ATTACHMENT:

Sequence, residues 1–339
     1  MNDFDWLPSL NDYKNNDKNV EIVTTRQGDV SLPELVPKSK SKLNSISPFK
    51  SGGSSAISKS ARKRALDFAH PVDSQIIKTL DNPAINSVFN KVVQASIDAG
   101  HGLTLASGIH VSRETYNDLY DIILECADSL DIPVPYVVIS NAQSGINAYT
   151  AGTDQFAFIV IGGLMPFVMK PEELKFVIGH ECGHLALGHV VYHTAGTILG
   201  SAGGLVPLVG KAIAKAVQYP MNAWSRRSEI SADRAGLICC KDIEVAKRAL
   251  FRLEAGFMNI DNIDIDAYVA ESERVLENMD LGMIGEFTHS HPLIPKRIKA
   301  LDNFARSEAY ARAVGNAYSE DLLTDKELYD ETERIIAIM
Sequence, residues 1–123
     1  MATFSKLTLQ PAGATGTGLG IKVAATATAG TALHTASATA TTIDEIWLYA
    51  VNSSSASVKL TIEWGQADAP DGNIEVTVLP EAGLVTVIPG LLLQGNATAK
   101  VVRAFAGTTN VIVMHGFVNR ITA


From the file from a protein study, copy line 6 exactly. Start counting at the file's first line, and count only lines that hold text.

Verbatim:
   201  SAGGLVPLVG KAIAKAVQYP MNAWSRRSEI SADRAGLICC KDIEVAKRAL